With its new chief vintage, the Indian Motorcycle Corp. appears to have picked up right where it left off—in 1953, when the motorcycle maker went bankrupt. After a failed attempt to build bikes in 1998 using outsourced 88-cu-in S&S engines, Indian launched a successful comeback last year with its Scout, Spirit, and Chief lines, which were equipped with the Gilroy, Calif., company’s own 100-cu-in Powerplus engines.
Indian’s follow-up model is the Vintage, a $24,995 heavyweight cruiser that appears to have rolled straight out of the 1950s. “The concept is an attempt for us to reconnect with the spirit and origin of the brand,” says Darrin Caddes, Indian’s director of design. “We’re looking at where Indian was when they finally closed their doors. To pick up the ball and run from there—not to say we’re setting our clocks back and now we are working on our ’50s models—is really an effort to truly understand the brand.”
For months, Caddes and his design team studied every vintage Indian they could uncover. They studied lines, sat in saddles, and talked to Indian owners, shaping an image of what the new Vintage would become. They learned that prospective customers wanted a new Indian to be an old Indian—a bike emphasizing style and aesthetics, a rolling piece of sculpture that captured the beauty of the company’s classic machines.
At the same time, the Vintage’s performance had to be as progressive as its appearance was retro. “When we asked owners and potential owners about what they expected from a future Indian, they wanted plenty of roll-on, which is how we ended up with the 100-inch Powerplus engine,” says Fran O’Hagan, Indian’s senior vice president. “They wanted it to look like a V-twin Indian engine from the ’40s and ’50s. That meant round barrels, placing the carburetor on the left-hand side, and designing the rocker boxes with the vertical fins that the old bikes had.”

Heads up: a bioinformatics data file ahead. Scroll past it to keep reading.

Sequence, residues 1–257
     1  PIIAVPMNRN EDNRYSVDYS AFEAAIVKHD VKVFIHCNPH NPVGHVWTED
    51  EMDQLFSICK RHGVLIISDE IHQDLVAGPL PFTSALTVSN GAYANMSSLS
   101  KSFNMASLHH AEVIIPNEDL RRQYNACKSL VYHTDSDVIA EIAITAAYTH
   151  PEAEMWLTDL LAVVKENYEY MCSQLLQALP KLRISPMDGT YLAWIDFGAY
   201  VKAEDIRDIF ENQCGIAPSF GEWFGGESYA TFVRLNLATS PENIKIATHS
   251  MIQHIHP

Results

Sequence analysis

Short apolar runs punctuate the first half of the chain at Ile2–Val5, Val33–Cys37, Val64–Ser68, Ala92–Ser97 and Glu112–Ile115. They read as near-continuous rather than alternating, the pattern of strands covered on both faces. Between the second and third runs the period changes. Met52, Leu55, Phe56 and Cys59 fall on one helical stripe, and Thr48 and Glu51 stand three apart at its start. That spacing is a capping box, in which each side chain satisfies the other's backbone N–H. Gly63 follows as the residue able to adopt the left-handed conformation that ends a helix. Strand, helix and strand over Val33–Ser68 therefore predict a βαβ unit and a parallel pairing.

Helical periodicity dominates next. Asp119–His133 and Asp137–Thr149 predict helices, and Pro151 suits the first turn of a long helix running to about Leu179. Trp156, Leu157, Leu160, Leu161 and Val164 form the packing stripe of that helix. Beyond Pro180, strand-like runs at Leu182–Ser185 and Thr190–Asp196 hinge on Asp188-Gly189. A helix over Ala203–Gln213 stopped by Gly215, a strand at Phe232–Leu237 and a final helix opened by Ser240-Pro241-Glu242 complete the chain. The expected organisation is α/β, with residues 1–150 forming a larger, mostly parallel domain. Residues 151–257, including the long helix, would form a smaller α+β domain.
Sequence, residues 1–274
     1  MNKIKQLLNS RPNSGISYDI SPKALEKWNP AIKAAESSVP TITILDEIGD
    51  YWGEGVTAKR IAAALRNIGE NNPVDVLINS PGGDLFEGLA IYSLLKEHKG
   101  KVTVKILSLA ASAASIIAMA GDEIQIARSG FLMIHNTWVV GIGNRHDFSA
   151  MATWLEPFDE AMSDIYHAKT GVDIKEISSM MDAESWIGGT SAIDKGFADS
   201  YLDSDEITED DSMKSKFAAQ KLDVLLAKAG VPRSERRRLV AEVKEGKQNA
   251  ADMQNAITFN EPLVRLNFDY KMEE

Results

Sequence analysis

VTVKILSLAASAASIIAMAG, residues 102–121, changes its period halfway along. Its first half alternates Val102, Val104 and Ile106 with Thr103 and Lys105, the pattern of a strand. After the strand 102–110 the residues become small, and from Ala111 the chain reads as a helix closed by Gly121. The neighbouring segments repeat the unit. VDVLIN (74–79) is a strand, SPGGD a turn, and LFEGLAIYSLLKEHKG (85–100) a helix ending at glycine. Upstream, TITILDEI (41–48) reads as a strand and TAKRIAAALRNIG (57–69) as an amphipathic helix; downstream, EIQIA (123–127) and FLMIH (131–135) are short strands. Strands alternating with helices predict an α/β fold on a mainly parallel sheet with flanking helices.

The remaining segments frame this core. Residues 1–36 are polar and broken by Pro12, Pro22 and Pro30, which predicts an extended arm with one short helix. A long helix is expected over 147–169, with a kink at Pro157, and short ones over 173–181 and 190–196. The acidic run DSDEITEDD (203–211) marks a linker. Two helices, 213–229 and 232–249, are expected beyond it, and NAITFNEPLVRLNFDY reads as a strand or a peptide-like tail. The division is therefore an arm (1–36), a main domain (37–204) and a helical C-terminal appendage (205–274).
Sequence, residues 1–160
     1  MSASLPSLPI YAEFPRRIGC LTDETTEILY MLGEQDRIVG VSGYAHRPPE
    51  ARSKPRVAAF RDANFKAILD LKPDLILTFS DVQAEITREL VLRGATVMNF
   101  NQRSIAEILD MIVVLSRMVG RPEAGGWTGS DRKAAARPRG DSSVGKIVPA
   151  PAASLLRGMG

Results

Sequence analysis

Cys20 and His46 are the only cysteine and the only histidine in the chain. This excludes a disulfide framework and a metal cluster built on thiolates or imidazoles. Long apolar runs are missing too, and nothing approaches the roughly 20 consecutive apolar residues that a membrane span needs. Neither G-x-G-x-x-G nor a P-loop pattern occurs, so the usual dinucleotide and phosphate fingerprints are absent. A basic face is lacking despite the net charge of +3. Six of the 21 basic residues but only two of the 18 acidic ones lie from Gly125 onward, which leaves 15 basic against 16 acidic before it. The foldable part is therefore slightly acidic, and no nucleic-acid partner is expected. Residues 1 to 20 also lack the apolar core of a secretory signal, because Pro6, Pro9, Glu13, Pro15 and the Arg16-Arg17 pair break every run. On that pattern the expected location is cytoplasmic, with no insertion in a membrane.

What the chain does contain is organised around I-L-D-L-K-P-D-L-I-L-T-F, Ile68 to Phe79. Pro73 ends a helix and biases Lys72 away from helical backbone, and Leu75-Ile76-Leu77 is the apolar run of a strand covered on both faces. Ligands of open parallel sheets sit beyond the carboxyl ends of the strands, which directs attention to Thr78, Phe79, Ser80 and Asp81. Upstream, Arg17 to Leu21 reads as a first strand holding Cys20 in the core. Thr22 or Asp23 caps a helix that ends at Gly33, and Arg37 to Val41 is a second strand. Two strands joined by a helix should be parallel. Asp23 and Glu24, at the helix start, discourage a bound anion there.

The result is a 733-pound retro cruiser that pays little homage to post-’50s design. A light shaped like a Native American warbonnet is perched on the front fender, and a fork plate inspired by a 1952 Indian frames the bike’s massive headlamp. Fringe dangles from the seat and saddlebags, and the pipes pinch at the ends of fishtail-shaped mufflers.
To Indian executives, the company’s bikes exude nostalgia and mystique instead of intimidation and mayhem. “Indian motorcycles have more of a warm-and-fuzzy Americana feeling,” says O’Hagan. “They’re Marilyn Monroe, James Dean, ’40s and ’50s style rather than the bad-boy biker image of the ’60s and ’70s that many other retro cruisers have.”
Indian considers the Vintage its transition machine, and the company will venture from the retro theme in future models. “I’m not smart enough to know what people will buy in 2010, but I am smart enough to know that it won’t be the same as what they are buying today,” O’Hagan says. “We are the Indian motorcycle company, not the Indian cruiser company.”